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Jerry B. Ralls v. Medical Staff

May 23, 2012


The opinion of the court was delivered by: Honorable Janis L. Sammartino United States District Judge


Plaintiff Jerry B. Ralls, proceeding pro se, has filed a complaint against "Medical Staff." (Compl., ECF No. 1.) Upon reviewing the Complaint and attached civil cover sheet, it appears Plaintiff seeks an injunction of sorts against the federal health care system at large. (Id. at 1-2.) Plaintiff has also submitted an application to proceed in forma pauperis ("IFP") pursuant to 28 U.S.C. § 1915(a). (IFP Mot., ECF No. 2.)


A federal court may authorize the commencement of an action without the prepayment of fees if the party submits an affidavit, including a statement of assets, showing that he is unable to pay the required filing fee. 28 U.S.C. § 1915(a). Here, Plaintiff states he is unemployed, has one dollar in his bank account, and owns no assets of value. (IFP Mot. at 2.) Apparently, his only source of income is $934 per month in the form of social security disability payments. (Id.) Based on the information provided, the Court finds that Plaintiff is unable to pay the required filing fee. Accordingly, Plaintiff's motion to proceed IFP is GRANTED.


Notwithstanding IFP status, the Court must subject each civil action commenced pursuant to 28 U.S.C. § 1915(a) to mandatory screening and shall order the sua sponte dismissal of any case it finds "is frivolous or malicious," "fails to state a claim on which relief may be granted," or "seeks monetary relief against a defendant who is immune from such relief." 28 U.S.C. § 1915(e)(2)(B); see also Lopez v. Smith, 203 F.3d 1122,1126--27 (9th Cir. 2000) (en banc) (noting that 28 U.S.C. § 1915(e) "not only permits but requires" the court to sua sponte dismiss an IFP complaint that fails to state a claim).

Before its amendment by the PLRA, former 28 U.S.C. § 1915(d) permitted sua sponte dismissal of only frivolous and malicious claims. Lopez, 203 F.3d at 1130. However, as amended, 28 U.S.C. § 1915(e)(2) mandates that the court reviewing an action filed pursuant to the IFP provisions of § 1915 make and rule on its own motion to dismiss before directing the U.S. Marshal to effect service pursuant to Federal Rule of Civil Procedure 4(c)(3). See id. at 1127; Calhoun v. Stahl, 254 F.3d 845 (9th Cir. 2001).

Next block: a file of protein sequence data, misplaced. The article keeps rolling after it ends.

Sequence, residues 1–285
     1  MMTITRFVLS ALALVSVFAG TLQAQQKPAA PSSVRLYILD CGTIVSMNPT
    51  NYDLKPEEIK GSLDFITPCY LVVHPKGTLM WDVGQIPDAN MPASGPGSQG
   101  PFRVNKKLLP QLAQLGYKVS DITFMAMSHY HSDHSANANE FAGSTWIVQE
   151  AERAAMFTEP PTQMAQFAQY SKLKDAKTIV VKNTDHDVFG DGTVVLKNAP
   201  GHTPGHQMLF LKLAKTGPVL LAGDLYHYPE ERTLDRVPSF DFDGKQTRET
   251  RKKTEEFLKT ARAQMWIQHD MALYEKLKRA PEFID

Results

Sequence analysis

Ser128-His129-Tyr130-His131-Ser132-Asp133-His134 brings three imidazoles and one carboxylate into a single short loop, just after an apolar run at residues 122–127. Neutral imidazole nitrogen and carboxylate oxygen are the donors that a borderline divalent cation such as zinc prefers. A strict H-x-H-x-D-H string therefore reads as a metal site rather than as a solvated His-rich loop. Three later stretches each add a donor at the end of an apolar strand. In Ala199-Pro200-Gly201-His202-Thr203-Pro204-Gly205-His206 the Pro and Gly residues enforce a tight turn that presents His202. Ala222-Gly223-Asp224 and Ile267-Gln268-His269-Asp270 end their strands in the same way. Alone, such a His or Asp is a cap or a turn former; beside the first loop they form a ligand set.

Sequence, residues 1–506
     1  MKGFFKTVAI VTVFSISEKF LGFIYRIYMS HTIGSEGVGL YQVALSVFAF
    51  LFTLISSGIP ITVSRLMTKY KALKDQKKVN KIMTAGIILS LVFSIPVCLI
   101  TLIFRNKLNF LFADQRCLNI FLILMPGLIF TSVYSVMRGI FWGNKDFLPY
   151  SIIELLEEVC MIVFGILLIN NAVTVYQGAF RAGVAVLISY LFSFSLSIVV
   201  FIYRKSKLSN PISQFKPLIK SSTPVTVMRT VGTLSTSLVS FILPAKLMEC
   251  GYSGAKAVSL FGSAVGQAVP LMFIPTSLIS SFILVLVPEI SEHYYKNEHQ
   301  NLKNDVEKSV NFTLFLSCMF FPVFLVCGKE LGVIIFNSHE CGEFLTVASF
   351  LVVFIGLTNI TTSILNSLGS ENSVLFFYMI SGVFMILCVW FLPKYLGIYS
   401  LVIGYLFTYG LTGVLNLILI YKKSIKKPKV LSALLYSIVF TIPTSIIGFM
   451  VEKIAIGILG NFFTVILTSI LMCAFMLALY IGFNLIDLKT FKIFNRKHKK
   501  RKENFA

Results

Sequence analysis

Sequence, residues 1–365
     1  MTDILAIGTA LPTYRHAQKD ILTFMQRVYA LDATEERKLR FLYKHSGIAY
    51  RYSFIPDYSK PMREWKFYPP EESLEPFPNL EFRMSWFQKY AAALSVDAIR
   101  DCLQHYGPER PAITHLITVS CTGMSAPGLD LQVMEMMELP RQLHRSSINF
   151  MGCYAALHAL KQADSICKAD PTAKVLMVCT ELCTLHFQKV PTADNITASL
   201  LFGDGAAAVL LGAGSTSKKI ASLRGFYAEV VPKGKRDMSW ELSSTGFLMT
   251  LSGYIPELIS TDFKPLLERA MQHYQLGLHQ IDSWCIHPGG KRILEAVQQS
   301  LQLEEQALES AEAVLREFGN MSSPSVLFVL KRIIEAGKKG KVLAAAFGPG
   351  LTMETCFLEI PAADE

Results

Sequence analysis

"[W]hen determining whether a complaint states a claim, a court must accept as true all allegations of material fact and must construe those facts in the light most favorable to the plaintiff." Resnick v. Hayes, 213 F.3d 443, 447 (9th Cir. 2000); see also Andrews v. King, 398 F.3d 1113, 1121 (9th Cir. 2005); Barren v. Harrington, 152 F.3d 1193, 1194 (9th Cir. 1998) (noting that § 1915(e)(2) "parallels the language of Federal Rule of Civil Procedure 12(b)(6)"). In addition, the Court has a duty to liberally construe a pro se plaintiff's pleadings, see Karim-Panahi v. L.A. Police Dep't, 839 F.2d 621, 623 (9th Cir. 1988), which is "particularly important in civil rights cases," Ferdik v. Bonzelet, 963 F.2d 1258, 1261 (9th Cir. 1992). In giving liberal interpretation to a pro se litigant's complaint, however, the court may not "supply essential elements of the claim that were not initially pled." Ivey v. Bd. of Regents of the Univ. of Alaska, 673 F.2d 266, 268 (9th Cir. 1982).